Construction firms in Liverpool are inviting 200 local subcontractors to bid for contracts worth hundreds of millions of pounds in a unique new partnership.
In what is believed to be a first in the UK, nine contractors involved in major regeneration projects in the city such as new schools and hospitals are holding a special event at Liverpool Town Hall, at which they will inform local businesses about opportunities over the next 12 months.
It has been organised by the Liverpool Regeneration Contractors’ Group, which is aimed at maximising the number of jobs and apprenticeships created in the city, so that as much of the work on projects in Liverpool goes to local businesses.
The Supply Chain Engagement Event at Liverpool Town Hall will see BAM, Galliford Try, ISG, Kier, Laing O’Rourke, Morgan Sindall, Seddons, Wates and Willmott Dixon coming together with the City of Liverpool College and the city council’s employment arm Liverpool in Work to showcase what is on offer.
In total, the contractors represented at the event have work on their books worth in excess of £260 million over the next three years – a total that is set to rise as they secure more contracts.
The event will be split into three zones – planning, employment and skills and the supply chain – giving firms an overview of the projects happening in the city and how they can bid for work.
Deputy Mayor Cllr Ann O’Byrne, who will open the event, said:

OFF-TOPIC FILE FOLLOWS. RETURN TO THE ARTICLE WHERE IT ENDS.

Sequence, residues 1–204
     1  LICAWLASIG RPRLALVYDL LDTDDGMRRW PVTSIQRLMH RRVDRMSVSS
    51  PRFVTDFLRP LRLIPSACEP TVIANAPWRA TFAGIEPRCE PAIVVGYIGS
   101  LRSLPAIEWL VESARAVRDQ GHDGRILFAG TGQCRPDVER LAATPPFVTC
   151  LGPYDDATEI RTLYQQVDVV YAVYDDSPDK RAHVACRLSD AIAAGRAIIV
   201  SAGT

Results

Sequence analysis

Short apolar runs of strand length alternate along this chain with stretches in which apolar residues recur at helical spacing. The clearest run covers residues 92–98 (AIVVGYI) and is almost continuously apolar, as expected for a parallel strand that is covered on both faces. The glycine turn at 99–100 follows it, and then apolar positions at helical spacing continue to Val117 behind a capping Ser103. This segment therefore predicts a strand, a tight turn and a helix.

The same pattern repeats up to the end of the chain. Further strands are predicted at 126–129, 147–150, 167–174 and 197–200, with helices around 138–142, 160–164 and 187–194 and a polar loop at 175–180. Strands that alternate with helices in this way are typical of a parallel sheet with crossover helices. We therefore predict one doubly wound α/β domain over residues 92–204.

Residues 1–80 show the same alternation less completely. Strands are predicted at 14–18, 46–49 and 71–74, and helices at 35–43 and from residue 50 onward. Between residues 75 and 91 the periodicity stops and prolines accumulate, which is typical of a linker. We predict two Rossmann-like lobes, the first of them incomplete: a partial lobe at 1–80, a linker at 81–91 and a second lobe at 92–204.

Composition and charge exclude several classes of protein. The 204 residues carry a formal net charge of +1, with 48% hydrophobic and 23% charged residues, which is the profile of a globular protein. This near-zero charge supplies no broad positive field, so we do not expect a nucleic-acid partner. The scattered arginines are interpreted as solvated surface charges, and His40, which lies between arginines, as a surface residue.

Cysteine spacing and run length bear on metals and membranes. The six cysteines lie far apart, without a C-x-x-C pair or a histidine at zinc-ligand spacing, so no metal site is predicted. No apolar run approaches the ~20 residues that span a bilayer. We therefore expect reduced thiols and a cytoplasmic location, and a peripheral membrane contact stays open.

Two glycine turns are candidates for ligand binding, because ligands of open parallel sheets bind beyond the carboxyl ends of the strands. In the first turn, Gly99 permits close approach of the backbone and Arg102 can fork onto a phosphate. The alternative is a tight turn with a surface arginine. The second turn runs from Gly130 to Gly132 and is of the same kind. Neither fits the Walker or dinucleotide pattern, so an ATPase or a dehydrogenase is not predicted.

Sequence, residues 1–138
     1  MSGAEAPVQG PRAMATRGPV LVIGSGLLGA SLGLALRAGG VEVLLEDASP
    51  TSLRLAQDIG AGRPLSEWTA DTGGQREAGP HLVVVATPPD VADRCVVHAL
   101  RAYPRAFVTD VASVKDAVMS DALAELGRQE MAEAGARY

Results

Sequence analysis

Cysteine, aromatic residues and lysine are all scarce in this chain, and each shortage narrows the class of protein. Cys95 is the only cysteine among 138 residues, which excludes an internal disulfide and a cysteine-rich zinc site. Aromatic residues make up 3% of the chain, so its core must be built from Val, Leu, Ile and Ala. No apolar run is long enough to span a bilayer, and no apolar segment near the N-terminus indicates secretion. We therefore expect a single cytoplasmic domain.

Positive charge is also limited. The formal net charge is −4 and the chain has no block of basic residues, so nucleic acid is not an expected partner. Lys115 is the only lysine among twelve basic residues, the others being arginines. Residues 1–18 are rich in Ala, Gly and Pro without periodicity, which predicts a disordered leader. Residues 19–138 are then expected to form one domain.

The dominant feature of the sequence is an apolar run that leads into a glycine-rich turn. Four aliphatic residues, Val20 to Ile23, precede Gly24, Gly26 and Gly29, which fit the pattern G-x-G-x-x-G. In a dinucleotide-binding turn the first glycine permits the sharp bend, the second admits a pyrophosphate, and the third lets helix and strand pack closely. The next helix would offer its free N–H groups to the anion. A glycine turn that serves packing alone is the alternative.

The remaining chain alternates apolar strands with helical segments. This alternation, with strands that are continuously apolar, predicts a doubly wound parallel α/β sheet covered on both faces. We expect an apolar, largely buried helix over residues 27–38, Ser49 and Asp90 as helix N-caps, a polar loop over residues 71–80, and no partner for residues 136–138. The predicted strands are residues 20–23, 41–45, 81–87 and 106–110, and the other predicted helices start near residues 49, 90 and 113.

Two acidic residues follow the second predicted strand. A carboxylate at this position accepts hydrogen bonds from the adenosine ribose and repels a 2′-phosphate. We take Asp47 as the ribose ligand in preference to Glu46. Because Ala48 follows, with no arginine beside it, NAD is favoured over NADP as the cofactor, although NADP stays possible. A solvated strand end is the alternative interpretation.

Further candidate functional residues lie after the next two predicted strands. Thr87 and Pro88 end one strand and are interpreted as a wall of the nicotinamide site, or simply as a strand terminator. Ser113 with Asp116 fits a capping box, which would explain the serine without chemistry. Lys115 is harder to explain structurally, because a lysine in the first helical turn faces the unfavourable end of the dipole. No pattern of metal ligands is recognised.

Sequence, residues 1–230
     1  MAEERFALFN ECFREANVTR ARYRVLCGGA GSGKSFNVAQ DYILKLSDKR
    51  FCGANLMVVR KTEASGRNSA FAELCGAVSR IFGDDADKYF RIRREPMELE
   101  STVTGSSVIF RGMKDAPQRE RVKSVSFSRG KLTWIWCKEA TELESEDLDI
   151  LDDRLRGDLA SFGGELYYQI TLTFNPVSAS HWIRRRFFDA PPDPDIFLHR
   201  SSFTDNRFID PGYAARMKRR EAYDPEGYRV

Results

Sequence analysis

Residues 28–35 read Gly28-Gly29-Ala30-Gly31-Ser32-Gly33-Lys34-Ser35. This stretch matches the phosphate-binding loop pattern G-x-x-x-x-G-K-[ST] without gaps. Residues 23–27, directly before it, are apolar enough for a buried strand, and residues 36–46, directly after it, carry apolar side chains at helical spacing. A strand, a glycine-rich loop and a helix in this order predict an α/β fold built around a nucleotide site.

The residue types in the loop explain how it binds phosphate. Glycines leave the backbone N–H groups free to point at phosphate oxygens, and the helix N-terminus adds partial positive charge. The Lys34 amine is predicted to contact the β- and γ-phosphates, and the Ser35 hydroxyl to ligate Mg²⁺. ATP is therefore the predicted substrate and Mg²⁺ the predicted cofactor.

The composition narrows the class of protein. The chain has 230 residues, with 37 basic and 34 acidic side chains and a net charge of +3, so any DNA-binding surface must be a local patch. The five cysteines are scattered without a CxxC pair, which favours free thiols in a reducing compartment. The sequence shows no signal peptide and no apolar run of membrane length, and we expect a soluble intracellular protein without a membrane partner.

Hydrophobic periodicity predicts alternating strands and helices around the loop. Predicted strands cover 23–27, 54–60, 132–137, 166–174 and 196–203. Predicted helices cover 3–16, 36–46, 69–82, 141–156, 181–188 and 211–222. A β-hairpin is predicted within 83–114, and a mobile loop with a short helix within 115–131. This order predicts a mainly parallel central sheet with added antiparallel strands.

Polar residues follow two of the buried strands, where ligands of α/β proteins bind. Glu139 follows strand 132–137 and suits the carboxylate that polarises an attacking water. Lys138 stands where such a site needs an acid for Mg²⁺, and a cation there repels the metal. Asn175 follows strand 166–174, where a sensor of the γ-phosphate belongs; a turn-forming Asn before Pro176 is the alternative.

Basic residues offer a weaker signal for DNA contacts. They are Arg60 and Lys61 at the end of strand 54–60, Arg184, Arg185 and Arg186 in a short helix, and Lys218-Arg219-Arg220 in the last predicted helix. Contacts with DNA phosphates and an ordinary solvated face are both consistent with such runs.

“In recent years the council has had great success in insisting that firms we issue contracts to meet tough targets around local spending. With some of our new schools, more than 85 percent of the contract has been spent with firms based in the city region, securing their future and enabling them to take on more staff.
What we are now doing is taking that a step further and bringing together construction firms working on a range of private and publicly funded schemes in Liverpool and putting them in the same room as local companies who can bid for work on their schemes.
We are proud to be the first council in the country to do this and I believe it is a blueprint that will be taken up by other towns and cities. At a time when public sector funding is being squeezed massively, it is more essential than ever that the money we do spend is pumped back into the local economy, putting money into the pockets of local workers.”